certain objectives, initiatives, and professional activities at the expense of others.                                     spiritual leaders (Peterson & Seligman, 2004). Thus, positive psychology is an inte-
Thus, school psychologists and other specialists often must battle to have sufficient                                      grative framework that draws upon the enduring themes and values across time pe-
and current materials at their disposal. The ethical issues that come into play in such                                    riods and cultures to test theories using scientific tools          NASP members can join an
                                                                                                                                                                                               online discussion about this
situations were addressed by Jakubowitz and Shill (2008) in the newsletter of the                                          designed to discover not only the elements of human                 article in the Communities
School-Based Issues Division of the American Speech and Hearing Association:                                               well-being, but also the means by which that well-being             area of our website:
                                                                                                                           can be experienced by all individuals.                     www.nasponline.org/communities
     When a new version of an assessment test or protocol is published, the speech–                                            In the quest for a comprehensive understanding of well-being, Peterson and Se-
     language pathologist or audiologist should determine if that new version will                                         ligman (2004) set out to define and classify positive traits in people that could be
     now be used in the work setting. If so, resources for purchase should be identi-                                      examined, researched, diagnosed, and possibly used as interventions. If one consid-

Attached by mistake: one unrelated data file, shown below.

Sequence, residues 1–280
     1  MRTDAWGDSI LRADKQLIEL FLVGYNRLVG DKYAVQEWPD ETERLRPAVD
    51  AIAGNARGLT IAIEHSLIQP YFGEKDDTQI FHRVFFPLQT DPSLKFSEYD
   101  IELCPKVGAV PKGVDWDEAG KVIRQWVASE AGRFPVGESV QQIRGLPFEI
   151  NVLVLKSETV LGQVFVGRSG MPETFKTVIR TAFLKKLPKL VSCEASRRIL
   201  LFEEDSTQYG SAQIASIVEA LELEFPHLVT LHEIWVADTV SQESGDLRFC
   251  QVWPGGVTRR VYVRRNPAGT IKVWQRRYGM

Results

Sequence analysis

fied. If they are not readily available, the clinician should work with the super-                                                                                   ers the subjectivity of values, this mis-
     visor to develop a plan and timeline for purchasing the updated version. It is                                                                                       sion appears to be a daunting task, if not
     the clinician’s responsibility to fully inform the supervisor of the need to bud-                                     Being able to measure                          simply undoable. Criticism included ar-
     get for replacement of critical evaluation tests and materials. If the clinician
     runs into resistance from the employer regarding purchasing new tests, then
                                                                                                                           human strengths will not                       guments that the classification system
                                                                                                                                                                          would not be universal (i.e., it would
     it may be prudent to use this opportunity to educate the employer about the                                           only facilitate an under-                      be culturally bound). However, the re-
     need for current assessment tools and tests in advocating for best practices.                                         standing of those                              searchers developed a set of criteria